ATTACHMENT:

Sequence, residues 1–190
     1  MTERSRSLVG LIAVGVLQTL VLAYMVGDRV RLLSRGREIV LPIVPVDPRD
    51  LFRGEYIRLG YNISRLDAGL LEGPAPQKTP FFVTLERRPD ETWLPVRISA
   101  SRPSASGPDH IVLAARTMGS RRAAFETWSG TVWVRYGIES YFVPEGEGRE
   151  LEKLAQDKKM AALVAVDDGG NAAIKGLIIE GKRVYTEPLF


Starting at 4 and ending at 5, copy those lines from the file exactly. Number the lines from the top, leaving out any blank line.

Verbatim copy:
   101  SRPSASGPDH IVLAARTMGS RRAAFETWSG TVWVRYGIES YFVPEGEGRE
   151  LEKLAQDKKM AALVAVDDGG NAAIKGLIIE GKRVYTEPLF